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Russell Coker: Liberty and Mobile Phones

Posted: May 5, 2012 / in: Linux / No comments

I own two mobile phones at the moment, I use a Samsung Galaxy S running Cyanogenmod [1] (Android 2.3.7) for most things, and I have a Sony Ericsson Xperia X10 running Android 2.1 that I use for taking photos, some occasional Wifi web browsing, and using some applications.

Comparing Android Hardware

The hardware for the Xperia X10 is better than that of the Galaxy S in many ways. It has a slightly higher resolution (480*854 vs 480*800), a significantly better camera (8.1MP with a “flash” vs 5MP without), and a status LED which I find really handy (although some people don’t care about it).

The only benefit of the Galaxy S hardware is that it has 16G of internal storage (of which about 2G can be used for applications) and 512M of RAM while the Xperia X10 has 1G of internal storage and 384M of RAM. These are significant issues, I have had applications run out of RAM on the Xperia X10 and I have been forced to uninstall applications to make space.

Overall I consider the Xperia X10 to be a significantly better piece of hardware as I am willing to trade off some RAM and internal storage to get a better resolution screen and a better camera. The problem is that Sony Ericsson have locked down their phones as much as possible and they don’t even give users the option of making a useful backup – they inspired my post about 5 principles of backups [2].

The fact that the Galaxy S allows installing CyanogenMod which then gives me the liberty to do whatever I want with my phone is a massive feature. It outweighs the hardware benefits of the Sony Ericsson phones over Samsung phones prior to the Galaxy Nexus and Galaxy Note.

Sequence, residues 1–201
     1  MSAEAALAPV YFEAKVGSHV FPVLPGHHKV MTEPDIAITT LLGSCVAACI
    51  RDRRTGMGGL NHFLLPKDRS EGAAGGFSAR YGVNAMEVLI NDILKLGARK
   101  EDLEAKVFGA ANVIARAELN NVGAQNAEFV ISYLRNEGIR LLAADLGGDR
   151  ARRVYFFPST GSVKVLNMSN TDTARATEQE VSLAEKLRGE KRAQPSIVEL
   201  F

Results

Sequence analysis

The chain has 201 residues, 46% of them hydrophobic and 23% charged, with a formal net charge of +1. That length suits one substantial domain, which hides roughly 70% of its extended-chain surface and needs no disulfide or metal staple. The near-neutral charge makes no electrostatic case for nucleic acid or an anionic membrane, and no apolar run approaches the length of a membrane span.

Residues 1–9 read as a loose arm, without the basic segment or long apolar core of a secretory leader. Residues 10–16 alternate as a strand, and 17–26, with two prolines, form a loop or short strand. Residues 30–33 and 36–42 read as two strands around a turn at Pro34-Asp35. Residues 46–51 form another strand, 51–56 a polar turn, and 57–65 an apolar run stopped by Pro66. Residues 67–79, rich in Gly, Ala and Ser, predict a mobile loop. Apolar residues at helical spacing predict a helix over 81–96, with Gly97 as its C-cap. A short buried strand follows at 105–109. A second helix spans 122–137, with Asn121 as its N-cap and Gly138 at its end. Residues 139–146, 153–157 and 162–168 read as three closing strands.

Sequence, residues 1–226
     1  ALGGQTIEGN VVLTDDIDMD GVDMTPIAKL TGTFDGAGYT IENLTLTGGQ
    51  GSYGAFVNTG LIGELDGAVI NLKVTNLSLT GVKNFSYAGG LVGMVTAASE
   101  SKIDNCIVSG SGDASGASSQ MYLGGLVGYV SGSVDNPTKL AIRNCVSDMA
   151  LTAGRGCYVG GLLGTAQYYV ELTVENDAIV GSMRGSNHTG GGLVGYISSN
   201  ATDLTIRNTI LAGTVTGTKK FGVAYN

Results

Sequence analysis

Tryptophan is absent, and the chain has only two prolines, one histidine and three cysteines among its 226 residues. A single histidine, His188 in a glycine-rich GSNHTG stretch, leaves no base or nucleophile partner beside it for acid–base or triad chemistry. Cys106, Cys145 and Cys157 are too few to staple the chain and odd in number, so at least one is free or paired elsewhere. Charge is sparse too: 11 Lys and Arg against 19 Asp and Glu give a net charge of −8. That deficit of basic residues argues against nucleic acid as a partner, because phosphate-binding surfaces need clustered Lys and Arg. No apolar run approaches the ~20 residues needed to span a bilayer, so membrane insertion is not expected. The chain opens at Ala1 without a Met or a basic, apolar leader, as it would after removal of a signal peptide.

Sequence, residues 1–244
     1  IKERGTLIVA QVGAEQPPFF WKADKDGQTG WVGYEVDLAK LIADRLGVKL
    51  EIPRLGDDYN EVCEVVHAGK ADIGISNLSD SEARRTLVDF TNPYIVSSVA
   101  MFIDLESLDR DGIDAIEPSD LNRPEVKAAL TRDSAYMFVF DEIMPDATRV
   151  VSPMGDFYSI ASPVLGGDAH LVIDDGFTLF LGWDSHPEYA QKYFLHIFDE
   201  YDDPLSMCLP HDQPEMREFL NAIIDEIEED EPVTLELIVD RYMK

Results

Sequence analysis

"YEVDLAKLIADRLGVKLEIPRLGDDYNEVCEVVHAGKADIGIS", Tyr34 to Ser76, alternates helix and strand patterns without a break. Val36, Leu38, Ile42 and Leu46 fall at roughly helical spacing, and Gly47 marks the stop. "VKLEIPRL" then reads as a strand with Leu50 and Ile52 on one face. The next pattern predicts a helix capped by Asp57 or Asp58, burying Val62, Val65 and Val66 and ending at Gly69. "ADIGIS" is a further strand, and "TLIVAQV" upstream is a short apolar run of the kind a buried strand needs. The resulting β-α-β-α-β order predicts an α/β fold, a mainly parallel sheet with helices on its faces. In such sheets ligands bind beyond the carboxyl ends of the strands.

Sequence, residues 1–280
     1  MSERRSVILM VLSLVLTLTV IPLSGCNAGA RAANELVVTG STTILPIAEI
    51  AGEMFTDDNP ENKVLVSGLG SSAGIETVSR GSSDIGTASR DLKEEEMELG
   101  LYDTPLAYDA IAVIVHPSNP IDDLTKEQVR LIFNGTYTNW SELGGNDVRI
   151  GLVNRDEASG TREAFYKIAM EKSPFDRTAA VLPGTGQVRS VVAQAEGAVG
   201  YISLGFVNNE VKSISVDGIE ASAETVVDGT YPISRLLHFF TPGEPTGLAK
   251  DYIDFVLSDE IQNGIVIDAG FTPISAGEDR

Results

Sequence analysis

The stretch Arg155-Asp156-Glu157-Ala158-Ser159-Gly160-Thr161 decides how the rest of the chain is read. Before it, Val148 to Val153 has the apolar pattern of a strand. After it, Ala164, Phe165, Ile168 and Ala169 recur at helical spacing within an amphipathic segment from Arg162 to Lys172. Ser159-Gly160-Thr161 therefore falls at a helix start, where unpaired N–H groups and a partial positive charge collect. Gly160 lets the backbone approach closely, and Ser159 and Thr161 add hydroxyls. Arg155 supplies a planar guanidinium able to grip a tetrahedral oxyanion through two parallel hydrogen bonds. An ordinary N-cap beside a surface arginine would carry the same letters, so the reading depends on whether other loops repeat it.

For an individual user the ability to control their own hardware is a feature. Such an ability wouldn’t be much use if there wasn’t a community of software developers, so if you buy an Android phone that isn’t supported by CyanogenMod or another free Android distribution then whether it is locked probably won’t matter to you. But for any popular Android phone that’s sold on the mass market it seems that if it’s not locked then it will get a binary distribution of Android in a reasonable amount of time.

Comparing with Apple

It seems that Apple is the benchmark for non-free computing at the moment. The iPhone is locked down and Apple takes steps to re-lock phones that can be rooted – as opposed to the Android vendors who ship phones and then don’t bother to update the firmware for any reason. The Apple app market is more expensive and difficult to enter and if an app isn’t in the market then you have to pay if you want to install it on a small number of development/test phones. This compares to Android where the Google market is cheaper and easier to enter and anyone can distribute an app outside the market and have people use it.